Festival of Lights: All you need to know about Diwali


Bhubaneswar: Taking place on October 19 this year in accordance to the Hindu lunar calendar is India’s biggest festival, Diwali. The word itself is derived from the Sanskrit word “deepavali,meaning “series of lighted lamps,” hence, it is also known as the festival of lights.

Celebrated by millions of people in India and all over the world, the festival has regional differences and varies according to religion. Sikhism and Jainism for instance hold a different significance to the event as compared to Hindus.

What is it about?

For most Hindus, Diwali marks the return of deities, Rama and Sita to Ayodhya after 14 years of exile. To celebrate their return, villagers lighted oil lamps that illuminated the path in the darkness. For others, the festival is linked to Lakshmi – goddess of wealth and prosperity – and her birth on the first day of the 5 day-long event.

Its significance

The significance of the festival may carry nuanced differences according to region and within the traditions of Hinduism. However, despite all the differences, a common symbolism remains – it’s an important occasion that marks the victory of light over darkness, knowledge over ignorance, and good over evil.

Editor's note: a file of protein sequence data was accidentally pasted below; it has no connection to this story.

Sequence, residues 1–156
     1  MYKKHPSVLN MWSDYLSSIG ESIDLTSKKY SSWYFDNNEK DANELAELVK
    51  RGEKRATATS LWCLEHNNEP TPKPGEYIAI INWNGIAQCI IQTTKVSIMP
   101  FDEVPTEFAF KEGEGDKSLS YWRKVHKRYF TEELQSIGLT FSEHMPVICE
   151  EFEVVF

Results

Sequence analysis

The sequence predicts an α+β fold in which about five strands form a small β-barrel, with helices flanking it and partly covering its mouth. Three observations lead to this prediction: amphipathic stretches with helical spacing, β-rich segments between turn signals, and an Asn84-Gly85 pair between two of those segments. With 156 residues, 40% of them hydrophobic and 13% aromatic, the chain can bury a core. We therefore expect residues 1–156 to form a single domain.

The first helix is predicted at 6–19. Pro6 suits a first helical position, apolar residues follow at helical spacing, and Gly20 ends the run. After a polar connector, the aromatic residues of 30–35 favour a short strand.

With this in mind, people ensure homes are spick and span, bright lights are everywhere and a feast is prepared to take part in the start of new beginnings.

The rites

Diwali occurs on the night centering the new moon – the darkest night. During this time, diyas (oil lamps), candles and lanterns are lighted up all around. The 5 day festival is divided as such: Dhanteras (Day 1), Naraka Chaturdasi (Day 2), Lakshmi Puja (Day 3), Padwa, Balipratipada (Day 4), Bhai Duj and Bhaiya Dooji (Day 5).

Typical celebrations

Before Diwali, people spend a lot time cleaning, renovating, and decorating homes with rangoli – colorful patterns drawn on the floor. On Diwali itself, people dress up in new clothes, put henna on their hands, light candles, and participate in family prayers followed by a grand feast of delicious food and Indian sweets.

Gold rush

On the day before Diwali (Dhanteras), people tend to purchase gold as it’s believed that the precious metal would bring more wealth to the family. In fact, jewelers are also expecting a good demand and increase of about 20-30% in sales during this period.


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